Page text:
Why I'm Reading It
I bought this book a couple months ago, because I'm always drawn to books on climate and the environment. I thought it would be an interesting to get a macro view on the shifting energy landscape, how it relates to modern carbon reduction efforts, and what the geopolitical ramifications might be. The last sort of geopolitical book I read was Sea Power: The History and Geopolitics of the World's Oceans by Admiral James Stavridis. It was riveting, and I wanted more.
My Thoughts, Critique, Review
Timing is the big thing to note here. I started reading this about a week before Russia invaded Ukraine, and I'm getting a fantastic bit of historical backstory to the invasion. A good chunk of early chapters deal with the Russian energy landscape since the late 90s, the conflict with Ukraine as it pertains to pipelines and independence, the uneasy but very real alliance between Russia and China. It all feels much more relevant than it would have six months ago.
More to come...
A Wall Street Journal besteller and a USA Today Best Book of 2020
Named Energy Writer of the Year for The New Map by the American Energy Society.
Pulitzer Prize-winning author and global energy expert, Daniel Yergin offers a revelatory new account of how energy revolutions, climate battles, and geopolitics are mapping our future.
The world is being shaken by the collision of energy, climate change, and the clashing power of nations in a time of global crisis. The shale revolution in oil and gas--made possible by fracking technology, but not without controversy--has transformed the American economy, ending the era of shortage, but introducing a turbulent new era. Almost overnight, the United States has become the world's number one energy powerhouse--and, during the coronavirus crisis, brokered a tense truce between Russia and Saudi Arabia. Yet concern about energy's role in climate change is challenging our economy and way of life, accelerating a second energy revolution in the search for a low carbon future. All of this has been made starker and more urgent by the coronavirus pandemic and the economic dark age that it has wrought.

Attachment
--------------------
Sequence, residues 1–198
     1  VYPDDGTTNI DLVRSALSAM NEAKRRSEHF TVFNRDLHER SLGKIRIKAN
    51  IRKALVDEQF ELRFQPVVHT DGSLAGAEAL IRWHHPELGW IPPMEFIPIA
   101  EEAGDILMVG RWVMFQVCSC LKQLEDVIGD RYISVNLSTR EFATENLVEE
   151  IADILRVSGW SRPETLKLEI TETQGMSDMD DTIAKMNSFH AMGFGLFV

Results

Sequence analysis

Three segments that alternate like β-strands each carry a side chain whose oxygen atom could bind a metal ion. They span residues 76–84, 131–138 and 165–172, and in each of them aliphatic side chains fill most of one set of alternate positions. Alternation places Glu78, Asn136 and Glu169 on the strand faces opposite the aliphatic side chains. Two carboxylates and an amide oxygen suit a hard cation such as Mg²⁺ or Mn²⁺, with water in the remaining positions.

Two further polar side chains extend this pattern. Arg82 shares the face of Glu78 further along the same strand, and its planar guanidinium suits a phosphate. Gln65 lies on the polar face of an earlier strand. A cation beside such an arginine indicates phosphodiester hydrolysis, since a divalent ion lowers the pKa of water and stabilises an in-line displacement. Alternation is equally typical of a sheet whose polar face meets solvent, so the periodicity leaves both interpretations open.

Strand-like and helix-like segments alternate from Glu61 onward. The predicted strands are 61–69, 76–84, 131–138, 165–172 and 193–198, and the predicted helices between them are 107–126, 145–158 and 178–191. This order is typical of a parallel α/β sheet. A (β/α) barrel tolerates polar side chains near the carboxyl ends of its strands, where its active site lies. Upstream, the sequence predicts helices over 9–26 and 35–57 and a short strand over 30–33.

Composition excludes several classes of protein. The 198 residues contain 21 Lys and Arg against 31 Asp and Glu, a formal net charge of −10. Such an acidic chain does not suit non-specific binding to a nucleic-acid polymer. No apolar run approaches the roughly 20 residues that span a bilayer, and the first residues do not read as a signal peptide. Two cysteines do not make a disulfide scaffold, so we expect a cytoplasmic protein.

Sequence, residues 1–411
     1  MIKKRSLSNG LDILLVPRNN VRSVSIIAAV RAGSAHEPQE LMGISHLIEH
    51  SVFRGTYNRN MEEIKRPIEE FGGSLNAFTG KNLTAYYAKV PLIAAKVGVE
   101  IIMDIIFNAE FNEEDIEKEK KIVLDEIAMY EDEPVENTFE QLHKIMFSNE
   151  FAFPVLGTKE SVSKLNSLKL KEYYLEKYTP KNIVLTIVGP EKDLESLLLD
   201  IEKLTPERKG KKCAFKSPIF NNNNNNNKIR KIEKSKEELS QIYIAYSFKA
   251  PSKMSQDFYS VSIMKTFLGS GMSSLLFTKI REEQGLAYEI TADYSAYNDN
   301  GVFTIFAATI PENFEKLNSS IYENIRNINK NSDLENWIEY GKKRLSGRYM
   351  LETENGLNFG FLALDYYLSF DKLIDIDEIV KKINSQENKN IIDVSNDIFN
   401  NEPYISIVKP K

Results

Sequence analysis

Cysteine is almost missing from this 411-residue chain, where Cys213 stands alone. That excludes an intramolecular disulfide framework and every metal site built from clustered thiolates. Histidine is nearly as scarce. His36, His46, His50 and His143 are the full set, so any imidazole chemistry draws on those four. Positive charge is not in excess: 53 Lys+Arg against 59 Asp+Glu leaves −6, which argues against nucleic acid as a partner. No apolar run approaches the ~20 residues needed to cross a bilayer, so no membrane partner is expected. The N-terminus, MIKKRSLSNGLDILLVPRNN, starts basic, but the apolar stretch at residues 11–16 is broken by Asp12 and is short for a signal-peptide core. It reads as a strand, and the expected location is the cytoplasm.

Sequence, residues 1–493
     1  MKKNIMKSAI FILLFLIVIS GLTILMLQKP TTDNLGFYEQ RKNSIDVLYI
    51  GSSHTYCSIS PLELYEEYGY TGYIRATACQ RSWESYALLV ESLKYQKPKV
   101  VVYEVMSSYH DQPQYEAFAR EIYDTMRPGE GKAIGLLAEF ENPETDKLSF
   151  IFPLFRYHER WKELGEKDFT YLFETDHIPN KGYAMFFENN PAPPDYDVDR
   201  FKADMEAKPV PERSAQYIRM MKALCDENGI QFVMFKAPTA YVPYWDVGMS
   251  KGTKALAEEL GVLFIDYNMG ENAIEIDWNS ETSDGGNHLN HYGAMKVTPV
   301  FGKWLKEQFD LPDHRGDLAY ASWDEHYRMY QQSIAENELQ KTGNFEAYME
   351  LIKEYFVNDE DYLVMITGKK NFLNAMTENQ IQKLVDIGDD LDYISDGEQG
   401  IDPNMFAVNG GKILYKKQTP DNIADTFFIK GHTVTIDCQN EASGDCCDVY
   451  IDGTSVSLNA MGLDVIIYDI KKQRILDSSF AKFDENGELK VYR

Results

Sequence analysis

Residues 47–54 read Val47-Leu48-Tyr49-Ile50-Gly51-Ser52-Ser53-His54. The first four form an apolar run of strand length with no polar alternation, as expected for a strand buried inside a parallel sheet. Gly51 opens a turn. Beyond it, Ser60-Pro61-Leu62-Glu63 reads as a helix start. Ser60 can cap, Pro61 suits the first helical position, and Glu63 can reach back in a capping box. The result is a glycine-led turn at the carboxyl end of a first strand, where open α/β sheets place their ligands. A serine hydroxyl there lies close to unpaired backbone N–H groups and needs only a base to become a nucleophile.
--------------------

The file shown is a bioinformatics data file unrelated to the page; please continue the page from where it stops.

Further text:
World politics is being upended, as a new cold war develops between the United States and China, and the rivalry grows more dangerous with Russia, which is pivoting east toward Beijing. Vladimir Putin and China's Xi Jinping are converging both on energy and on challenging American leadership, as China projects its power and influence in all directions. The South China Sea, claimed by China and the world's most critical trade route, could become the arena where the United States and China directly collide. The map of the Middle East, which was laid down after World War I, is being challenged by jihadists, revolutionary Iran, ethnic and religious clashes, and restive populations. But the region has also been shocked by the two recent oil price collapses--one from the rise of shale, the other the coronavirus--and by the very question of oil's future in the rest of this century.
A master storyteller and global energy expert, Daniel Yergin takes the reader on an utterly riveting and timely journey across the world's new map. He illuminates the great energy and geopolitical questions in an era of rising political turbulence and points to the profound challenges that lie ahead.